Volvo Testing New Fast Charging System for EVs

Volvo Testing New Fast Charging System for EVs

Images courtesy Volvo

Those of you disappointed with how long it takes to recharge your new electric or plug-in vehicle, relief may be right around the corner.

The Volvo Car Corporation has announced it is testing a new “fast-charger” for electric cars that will significantly cut recharging times to a stunning 1.5 hours, some six times faster than units currently in use in EVs on the road today.

The new charger is going to be installed and tested on a number of Volvo C30 electrics and utilizes a three-phase outlet with 32A to charge fully in the 90 minutes or deliver 80 km (about 50 miles) from a 30-minute charge.

“We know that short recharging times and extensive operating range are a necessity for potential electric car consumers. The fast-charging unit helps cure what is known as ‘range anxiety’ since the car can be more easily recharged during the day. And even if you don’t have enough time for a 1.5-hour charge, plugging in for just 30 minutes will give you enough power for another 80 kilometres of driving,” says Lennart Stegland, Vice President Electric Propulsion Systems, Volvo Car Corporation.

Current charging systems operate on a single-phase circuit of 110- or 220-volts with recharge times as long as 10 hours depending on available power. And it goes without saying the infrastructure would have to be modified to allow for the three-phase outlet installations.

Volvo Testing New Fast Charging System for EVs

Volvo’s new fast-charger is a 22 kW unit and is small enough to be fitted into an electric car. It is the world’s first three-phase unit and will operate on a single-phase supply as well.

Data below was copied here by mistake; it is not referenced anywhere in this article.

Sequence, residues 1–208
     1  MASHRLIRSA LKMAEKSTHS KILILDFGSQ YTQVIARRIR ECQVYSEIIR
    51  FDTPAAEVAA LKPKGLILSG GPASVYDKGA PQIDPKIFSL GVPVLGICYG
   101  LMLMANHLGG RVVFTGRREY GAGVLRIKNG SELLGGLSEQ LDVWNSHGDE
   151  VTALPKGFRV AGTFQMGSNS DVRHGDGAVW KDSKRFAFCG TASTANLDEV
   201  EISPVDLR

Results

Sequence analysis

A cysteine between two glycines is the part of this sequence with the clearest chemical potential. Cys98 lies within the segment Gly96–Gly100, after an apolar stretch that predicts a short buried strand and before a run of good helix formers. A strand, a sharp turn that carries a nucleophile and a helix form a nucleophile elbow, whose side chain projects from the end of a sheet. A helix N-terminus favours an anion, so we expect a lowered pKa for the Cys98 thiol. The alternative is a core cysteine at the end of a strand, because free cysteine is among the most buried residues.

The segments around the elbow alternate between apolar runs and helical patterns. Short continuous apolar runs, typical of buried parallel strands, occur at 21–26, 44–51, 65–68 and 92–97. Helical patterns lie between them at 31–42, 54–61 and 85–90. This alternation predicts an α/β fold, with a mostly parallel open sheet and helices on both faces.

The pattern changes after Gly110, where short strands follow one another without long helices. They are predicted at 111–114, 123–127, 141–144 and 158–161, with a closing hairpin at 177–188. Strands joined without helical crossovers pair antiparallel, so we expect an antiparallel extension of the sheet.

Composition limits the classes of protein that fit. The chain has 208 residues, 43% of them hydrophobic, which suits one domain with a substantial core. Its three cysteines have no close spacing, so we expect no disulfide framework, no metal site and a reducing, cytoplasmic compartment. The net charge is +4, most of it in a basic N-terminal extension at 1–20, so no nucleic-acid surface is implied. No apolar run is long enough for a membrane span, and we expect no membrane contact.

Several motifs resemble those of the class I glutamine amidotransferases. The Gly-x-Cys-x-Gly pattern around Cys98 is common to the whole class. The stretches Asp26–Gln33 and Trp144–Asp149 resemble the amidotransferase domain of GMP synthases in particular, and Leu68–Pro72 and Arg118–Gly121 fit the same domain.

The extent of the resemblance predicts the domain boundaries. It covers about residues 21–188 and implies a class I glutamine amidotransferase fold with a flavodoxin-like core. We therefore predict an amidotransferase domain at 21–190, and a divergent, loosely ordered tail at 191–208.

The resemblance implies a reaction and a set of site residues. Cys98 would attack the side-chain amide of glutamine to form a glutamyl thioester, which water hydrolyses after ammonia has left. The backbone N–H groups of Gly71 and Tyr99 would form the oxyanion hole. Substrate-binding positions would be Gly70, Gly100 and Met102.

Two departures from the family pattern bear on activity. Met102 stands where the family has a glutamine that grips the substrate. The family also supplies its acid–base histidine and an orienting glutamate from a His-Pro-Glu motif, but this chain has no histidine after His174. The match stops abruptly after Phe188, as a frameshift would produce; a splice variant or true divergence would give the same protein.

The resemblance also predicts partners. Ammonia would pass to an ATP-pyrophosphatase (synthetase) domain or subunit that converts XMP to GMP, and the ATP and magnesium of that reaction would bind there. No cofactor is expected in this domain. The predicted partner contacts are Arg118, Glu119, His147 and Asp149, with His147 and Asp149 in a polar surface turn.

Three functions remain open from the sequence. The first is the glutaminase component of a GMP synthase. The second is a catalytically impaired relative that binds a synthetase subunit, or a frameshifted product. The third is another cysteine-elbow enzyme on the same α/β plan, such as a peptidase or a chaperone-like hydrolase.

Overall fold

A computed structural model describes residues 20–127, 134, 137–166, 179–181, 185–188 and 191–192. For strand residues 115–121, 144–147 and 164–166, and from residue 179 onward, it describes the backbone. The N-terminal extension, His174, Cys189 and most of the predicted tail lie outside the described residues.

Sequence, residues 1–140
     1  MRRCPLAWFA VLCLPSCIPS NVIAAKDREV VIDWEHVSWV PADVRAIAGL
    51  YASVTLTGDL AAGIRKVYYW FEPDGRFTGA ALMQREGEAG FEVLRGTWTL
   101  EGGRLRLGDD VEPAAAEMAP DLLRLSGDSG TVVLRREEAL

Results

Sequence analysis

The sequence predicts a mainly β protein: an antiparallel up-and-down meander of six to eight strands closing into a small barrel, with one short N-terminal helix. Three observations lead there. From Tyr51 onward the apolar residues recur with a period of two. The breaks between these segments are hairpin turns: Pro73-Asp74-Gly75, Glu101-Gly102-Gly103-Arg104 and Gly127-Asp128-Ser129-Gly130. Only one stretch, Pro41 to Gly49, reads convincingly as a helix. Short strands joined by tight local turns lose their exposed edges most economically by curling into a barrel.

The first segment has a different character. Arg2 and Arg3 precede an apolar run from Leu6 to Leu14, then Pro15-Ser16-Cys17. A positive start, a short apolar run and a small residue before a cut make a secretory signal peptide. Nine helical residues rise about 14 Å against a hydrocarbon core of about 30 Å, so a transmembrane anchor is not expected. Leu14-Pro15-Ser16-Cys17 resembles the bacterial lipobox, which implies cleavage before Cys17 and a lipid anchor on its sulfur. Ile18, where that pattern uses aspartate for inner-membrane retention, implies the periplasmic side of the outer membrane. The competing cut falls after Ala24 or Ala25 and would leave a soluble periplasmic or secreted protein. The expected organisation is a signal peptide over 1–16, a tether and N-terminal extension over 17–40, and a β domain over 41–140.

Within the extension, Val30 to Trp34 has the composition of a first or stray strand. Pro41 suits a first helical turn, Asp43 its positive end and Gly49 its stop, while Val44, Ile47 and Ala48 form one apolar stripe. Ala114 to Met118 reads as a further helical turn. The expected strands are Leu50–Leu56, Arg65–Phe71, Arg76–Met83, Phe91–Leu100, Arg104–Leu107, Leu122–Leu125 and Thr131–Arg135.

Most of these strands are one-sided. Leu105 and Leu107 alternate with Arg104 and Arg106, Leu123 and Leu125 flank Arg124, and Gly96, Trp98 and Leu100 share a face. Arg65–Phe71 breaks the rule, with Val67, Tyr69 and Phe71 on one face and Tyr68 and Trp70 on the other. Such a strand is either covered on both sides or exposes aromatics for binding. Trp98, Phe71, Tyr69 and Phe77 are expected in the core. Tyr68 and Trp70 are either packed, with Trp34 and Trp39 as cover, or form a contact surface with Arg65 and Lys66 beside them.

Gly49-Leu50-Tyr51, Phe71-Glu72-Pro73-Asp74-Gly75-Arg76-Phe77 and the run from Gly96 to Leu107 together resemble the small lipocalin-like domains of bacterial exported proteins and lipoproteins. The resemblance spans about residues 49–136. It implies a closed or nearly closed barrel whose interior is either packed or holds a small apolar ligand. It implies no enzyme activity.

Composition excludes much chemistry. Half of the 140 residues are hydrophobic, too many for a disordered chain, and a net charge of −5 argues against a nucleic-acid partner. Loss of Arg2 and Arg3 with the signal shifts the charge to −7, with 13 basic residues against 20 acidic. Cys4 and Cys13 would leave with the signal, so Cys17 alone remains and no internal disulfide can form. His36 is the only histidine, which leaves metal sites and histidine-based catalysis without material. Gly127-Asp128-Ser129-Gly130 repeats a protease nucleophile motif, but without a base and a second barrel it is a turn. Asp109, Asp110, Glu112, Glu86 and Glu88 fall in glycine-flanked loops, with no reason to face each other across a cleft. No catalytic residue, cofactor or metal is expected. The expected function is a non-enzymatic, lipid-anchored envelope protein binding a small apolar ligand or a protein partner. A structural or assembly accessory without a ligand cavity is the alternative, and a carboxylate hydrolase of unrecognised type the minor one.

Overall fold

“The user can ‘top up’ the battery pack with electricity one or more times during the day. This means that the total daily range is significantly extended, yet with the same low operating cost compared to a car with a conventional power train,” says Lennart Stegland. “Giving customers more usable hours each day means that electric cars become more viable as a commercial proposition, in both the private and public sectors.”

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About the Author

David Goodspeed
David was editor of AutoworldToday at Today Newspapers in the Dallas suburbs until its closing in 2009. He was also webmaster and photographer/videographer. He got started doing photography for the newspaper while working as a firefighter/paramedic in one of his towns, and began working for the newspaper group full-time in 1992. David entered automotive journalism in 1998 and became AutoworldToday editor in 2002. On the average, he drives some 100 new vehicles each year. He enjoys the great outdoors and as an avid fly fisherman, as is his spouse Tish. He especially enjoys nature photography and is inspired by the works of Ansel Adams.